And, yes, there have been some intense eruptions of doubt, depression, and cynicism. I figure that, since I don’t have to be as controlled as when I was working, the deeper human concerns of fear and isolation are freer to emerge. However, I find that just letting these concerns be when they arise, rather than getting into some sort of “analysis paralysis” because of their darkness, allows them to depart on their own.

So, the remnants of old work habits don’t seem quite as strong as they did several months ago, though I am making no forecast of their comings and goings. I’m just taking the next step, taking Refuge, and spending more time just chatting with folks. For now, there just seems to be an easier flow to things, like having a cup of tea at the right time.

Reflections On Retiring From the ‘War Zone’

Nearly eight years ago Jim retired from, what I described as, the War Zone. By all accounts his job held the kind of intensity similar to how I imagine it must be in an actual war zone. Moment to moment, from where are the bullets coming? That kinda intensity I could only imagine. It was outside my experience. (Although working on an inner city adventure playground in the 1970’s came close!) I said, You are as one who has returned home from war, and your boots are still smoking! I also said soon after his retirement, Why don’t you write about how it is for you now? And that is what he did, back in 2003.

So it is, and so it was. I have been encouraging people to write about their experiences of life and training for quite some years. And now Jim’s writing is coming home to roost in his piece titled Boots Still Smoking just published after these long years. As with Adrienne it has been an honour to walk and talk beside you Jim.

Due To Health Reasons


I have some experience in ‘gap time’. An Illness, plus many years of stress, worsened to the point where I could no longer work. I loved my job and had dedicated a huge amount of energy to it. The shock of all the loss I felt was painful and scary. I went from full-time full-on immersion in the world of employment to being at home 24/7, to not being able to leave the house, and many times not able to leave my bed.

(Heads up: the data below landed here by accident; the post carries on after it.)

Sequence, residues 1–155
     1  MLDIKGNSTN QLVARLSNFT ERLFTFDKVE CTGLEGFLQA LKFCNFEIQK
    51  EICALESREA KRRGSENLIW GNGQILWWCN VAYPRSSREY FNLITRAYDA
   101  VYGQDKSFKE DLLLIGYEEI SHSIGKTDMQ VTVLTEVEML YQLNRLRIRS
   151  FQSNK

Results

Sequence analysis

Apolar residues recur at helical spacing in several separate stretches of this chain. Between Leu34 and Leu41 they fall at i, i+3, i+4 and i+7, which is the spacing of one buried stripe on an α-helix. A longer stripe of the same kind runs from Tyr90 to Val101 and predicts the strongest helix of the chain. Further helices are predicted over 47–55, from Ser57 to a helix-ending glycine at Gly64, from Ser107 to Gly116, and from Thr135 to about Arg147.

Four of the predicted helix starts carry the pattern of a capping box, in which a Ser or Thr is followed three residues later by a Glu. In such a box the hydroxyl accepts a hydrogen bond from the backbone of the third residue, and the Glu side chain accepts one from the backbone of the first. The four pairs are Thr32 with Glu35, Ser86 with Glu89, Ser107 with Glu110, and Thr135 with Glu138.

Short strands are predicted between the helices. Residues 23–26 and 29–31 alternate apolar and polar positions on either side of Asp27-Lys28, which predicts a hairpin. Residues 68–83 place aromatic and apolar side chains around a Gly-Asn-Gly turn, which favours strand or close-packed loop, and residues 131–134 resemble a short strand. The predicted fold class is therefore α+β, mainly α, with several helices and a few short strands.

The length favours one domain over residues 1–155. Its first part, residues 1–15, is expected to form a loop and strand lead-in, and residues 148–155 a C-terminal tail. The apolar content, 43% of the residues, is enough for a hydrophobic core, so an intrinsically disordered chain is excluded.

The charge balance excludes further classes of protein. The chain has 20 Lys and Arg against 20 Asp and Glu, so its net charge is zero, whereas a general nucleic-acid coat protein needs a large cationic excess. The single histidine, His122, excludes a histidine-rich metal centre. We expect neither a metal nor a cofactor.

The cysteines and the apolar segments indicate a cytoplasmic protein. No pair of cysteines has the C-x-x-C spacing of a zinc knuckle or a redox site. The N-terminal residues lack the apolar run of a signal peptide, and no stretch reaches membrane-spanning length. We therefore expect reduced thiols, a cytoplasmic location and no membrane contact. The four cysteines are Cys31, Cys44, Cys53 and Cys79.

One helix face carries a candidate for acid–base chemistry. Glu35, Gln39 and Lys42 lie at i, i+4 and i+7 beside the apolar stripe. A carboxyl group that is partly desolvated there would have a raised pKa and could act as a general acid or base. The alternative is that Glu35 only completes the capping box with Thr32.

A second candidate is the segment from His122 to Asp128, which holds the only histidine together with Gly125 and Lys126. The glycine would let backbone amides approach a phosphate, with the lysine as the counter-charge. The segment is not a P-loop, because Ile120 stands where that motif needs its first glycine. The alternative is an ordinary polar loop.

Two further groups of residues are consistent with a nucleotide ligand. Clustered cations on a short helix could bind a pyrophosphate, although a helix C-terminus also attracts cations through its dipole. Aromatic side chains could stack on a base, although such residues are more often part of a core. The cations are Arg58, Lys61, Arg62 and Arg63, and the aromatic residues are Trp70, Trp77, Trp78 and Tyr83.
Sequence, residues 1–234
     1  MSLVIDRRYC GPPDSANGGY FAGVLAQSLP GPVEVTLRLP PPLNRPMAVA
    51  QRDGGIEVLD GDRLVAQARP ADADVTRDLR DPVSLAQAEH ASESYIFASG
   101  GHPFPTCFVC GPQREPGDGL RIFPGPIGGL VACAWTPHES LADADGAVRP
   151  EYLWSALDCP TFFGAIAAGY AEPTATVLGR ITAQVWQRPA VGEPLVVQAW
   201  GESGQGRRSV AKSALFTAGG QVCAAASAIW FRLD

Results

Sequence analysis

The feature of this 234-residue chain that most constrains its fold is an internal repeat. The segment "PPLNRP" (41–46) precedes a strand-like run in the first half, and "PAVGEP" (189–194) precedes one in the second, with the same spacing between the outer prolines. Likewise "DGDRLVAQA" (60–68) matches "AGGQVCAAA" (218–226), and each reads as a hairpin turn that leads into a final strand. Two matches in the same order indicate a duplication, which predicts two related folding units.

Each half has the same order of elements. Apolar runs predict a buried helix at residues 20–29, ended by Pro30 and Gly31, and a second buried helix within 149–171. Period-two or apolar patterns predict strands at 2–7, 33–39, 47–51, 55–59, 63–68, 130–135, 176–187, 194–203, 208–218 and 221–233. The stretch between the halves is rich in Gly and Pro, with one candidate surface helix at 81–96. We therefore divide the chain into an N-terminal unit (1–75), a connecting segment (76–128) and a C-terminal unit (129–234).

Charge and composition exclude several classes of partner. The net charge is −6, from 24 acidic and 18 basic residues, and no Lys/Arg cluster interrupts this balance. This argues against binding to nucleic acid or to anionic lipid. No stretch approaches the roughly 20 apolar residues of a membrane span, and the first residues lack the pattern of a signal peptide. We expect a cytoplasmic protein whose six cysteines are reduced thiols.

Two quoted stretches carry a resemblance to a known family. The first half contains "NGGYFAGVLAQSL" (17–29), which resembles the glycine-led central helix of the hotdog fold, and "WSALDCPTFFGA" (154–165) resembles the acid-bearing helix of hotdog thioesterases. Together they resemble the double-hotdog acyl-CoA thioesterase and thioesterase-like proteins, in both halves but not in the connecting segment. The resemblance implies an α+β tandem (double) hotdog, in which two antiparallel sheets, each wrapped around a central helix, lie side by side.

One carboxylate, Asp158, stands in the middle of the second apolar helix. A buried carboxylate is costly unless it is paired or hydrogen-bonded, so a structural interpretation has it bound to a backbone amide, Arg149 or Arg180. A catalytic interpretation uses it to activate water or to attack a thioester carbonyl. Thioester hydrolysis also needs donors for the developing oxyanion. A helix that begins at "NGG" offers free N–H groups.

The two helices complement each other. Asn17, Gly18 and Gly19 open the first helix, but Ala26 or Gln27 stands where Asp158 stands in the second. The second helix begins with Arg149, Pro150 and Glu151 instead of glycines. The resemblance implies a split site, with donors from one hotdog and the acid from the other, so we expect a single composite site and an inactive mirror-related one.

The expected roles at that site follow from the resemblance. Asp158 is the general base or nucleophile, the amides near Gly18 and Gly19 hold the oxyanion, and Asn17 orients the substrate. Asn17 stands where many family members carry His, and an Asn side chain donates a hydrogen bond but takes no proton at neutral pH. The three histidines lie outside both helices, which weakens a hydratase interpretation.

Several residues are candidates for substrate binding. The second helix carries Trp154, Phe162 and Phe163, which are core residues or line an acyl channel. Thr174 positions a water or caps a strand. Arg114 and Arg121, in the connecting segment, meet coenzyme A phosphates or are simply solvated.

On Retirement

I’m grateful to Adrienne for telling her story. It has been a long and rough road and I am glad we continue to walk onwards, together. It has been a privilege, and an inspiration.

Avarice, Ambition, Vain-Glory

Written in 1759 – our style of communicating might have changed however the sentiments expressed here hold true today.

The great source of both the misery and disorders of human life, seems to arise from over-rating the difference between one permanent situation and another. Avarice over-rates the difference between poverty and riches: ambition, that between a private and a public station: vain-glory, that between obscurity and extensive reputation. The person under the influence of any of those extravagant passions, is not only miserable in his actual situation, but is often disposed to disturb the peace of society, in order to arrive at that which he so foolishly admires. The slightest observation, however, might satisfy him, that, in all the ordinary situations of human life, a well-disposed mind may be equally calm, equally cheerful, and equally contented. Some of those situations may, no doubt, deserve to be preferred to others: but none of them can deserve to be pursued with that passionate ardour which drives us to violate the rules either of prudence or of justice; or to corrupt the future tranquillity of our minds, either by shame from the remembrance of our own folly, or by remorse from the horror of our own injustice. Wherever prudence does not direct, wherever justice does not permit, the attempt to change our situation, the man who does attempt it, plays at the most Unequal of all games of hazard, and stakes every thing against scarce any thing.

from The Theory of Moral Sentiments by Adam Smith (1759)

Adam Smith is quoted by Dan Gilbert who poses the question, Why are we happy? in this TED Video.

Thanks to Julius for the quote and link. Thanks to all who have asked after my health. I’m still coughing and I’m going back to the house I have been staying in to add another ‘R’ to the fleet of R’s I originally took with me in February. Namely, resting, relaxing, reflecting, retreating and now recovering!

Tomorrow? – A post by Adrienne.